Denmark from 1900 to today. The constitutional reform of 1915 sanctioned the full affirmation of the parliamentary system and the advent of universal suffrage (including women) in both chambers: for the Landsting, the seats for royal appointment were abolished, the election remained indirect and reserved for the major 35 years; at the Folketing the uninominal system was replaced by the proportional one between 1918 and 1920 and the voting age was lowered to 25 years (1920). In 1918 Iceland, which since 1874 had enjoyed increasing autonomy, obtained full self-government, remaining linked to the Denmark only in the person of the sovereign (Christian X: 1912-47) and as regards foreign policy, in the 1920 was also resolved the question of northern Schleswig, with a Danish majority, which in a referendum decided its annexation to Denmark; in the same year it joined the League of Nations. The Liberals returned to government in 1920-24 and 1926-29, but, starting in 1924, the Social Democrats became the country’s main political force, leading the government in 1924-26, with the support of the radicals, and then, in coalition with the latter, from 1929 to 1940. During the 1930s, measures to control the economy and extensive social legislation were adopted, which alleviated the consequences of the Great Depression, while in foreign policy the maintenance of a rigidly neutral position did not saved the Denmark from Nazi aggression. After signing the non-aggression pact proposed by Germany in 1939, the country was invaded in the spring of 1940, while maintaining a semblance of autonomy (social democratic-led governments of national unity) until 1943, when, faced with the development of the resistance movement, the German military authorities proclaimed martial law and imposed a harsh occupation regime. The war situation contributed to the definitive detachment of Iceland from Denmark. After the liberation (May 1945) the Denmark recognized Icelandic independence, regaining possession of the Faroe Islands and Greenland (made independent in 1979). The experience of the war led Denmark to abandon traditional neutralism and in 1949 joined the Atlantic Pact. In subsequent years, he conducted a cautious policy towards the Soviet Union and the Eastern Bloc, it refused to accept nuclear weapons on national territory and tried to limit military spending. Joining the Nordic Council in 1952 reconfirmed traditional ties with the countries of the region. In 1973 the Denmark entered the EEC after a heated debate in the country. On the institutional level, the repeal of the Salic law allowed Margaret II to ascend the throne (1972). The system of welfare state was confirmed and extended. The Social Democrats remained by far the main force, but the rise of a pole to their left (the People’s Socialist Party established itself in 1960) and the weakening of the radicals made it impossible to reconstitute the pre-war bipartite majority, giving rise to considerable instability. politics. In 1982, the conservatives returned, for the first time since 1901, to the leadership of the country: the center-right coalition reduced the rate of inflation, but the persistence of a precarious political balance was confirmed by the numerous parliamentary defeats of the PH Schl├╝ter government. In the nineties the political life of Denmark was characterized by the debate on European integration and by a difficult economic situation; in 1993 the commitment of the center-left executive, back at the helm of the country with PN Rasmussen (the center-left would remain in government until 2001), in support of the European integration process he weighed in the approval of the referendum to join the Maastricht treaty. In 2000, membership of the single currency was rejected and a transversal alliance was set up that saw united against the supporters of the euro (social democrats, liberals, establishment economic and financial, trade unions) the xenophobic extreme right of the Danish People’s Party (which made its mark in the 1998 elections), the People’s Socialist Party and environmentalists, united by the fear of a loss of national sovereignty to the advantage of Europe. After the 2001 general elections, dominated by the debate on the immigrant issue, the liberals, led by AF Rasmussen, gave life to a center-right government (with the conservatives and the external support of the Danish People’s Party) which introduced more restrictive rules in immigration theme. The early parliamentary elections of 2005 rewarded the coalition led by Rasmussen, while the growth of the People’s Party consolidated the presence of the most radical right in the national political landscape.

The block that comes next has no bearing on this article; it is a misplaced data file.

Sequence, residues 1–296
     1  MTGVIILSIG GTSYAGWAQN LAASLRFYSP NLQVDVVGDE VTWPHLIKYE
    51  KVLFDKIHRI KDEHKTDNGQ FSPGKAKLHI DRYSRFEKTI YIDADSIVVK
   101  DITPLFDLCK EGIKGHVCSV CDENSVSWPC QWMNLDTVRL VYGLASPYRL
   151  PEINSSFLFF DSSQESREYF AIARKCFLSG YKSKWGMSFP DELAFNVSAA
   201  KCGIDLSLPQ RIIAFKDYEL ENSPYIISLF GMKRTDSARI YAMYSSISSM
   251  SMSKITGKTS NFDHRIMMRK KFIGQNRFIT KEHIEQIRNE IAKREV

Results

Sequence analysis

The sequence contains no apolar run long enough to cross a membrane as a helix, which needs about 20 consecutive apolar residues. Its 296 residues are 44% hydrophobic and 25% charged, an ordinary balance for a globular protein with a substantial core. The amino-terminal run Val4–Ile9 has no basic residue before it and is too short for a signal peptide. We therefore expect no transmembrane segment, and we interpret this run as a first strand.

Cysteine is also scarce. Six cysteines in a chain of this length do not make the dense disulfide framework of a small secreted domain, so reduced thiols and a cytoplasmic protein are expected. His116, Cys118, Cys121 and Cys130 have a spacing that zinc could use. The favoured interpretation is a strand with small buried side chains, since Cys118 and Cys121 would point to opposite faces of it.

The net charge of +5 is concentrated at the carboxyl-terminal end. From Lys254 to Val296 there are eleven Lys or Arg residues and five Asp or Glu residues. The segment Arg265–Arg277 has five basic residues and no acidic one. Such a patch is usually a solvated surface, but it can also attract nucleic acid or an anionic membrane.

Denmark Dictionary of History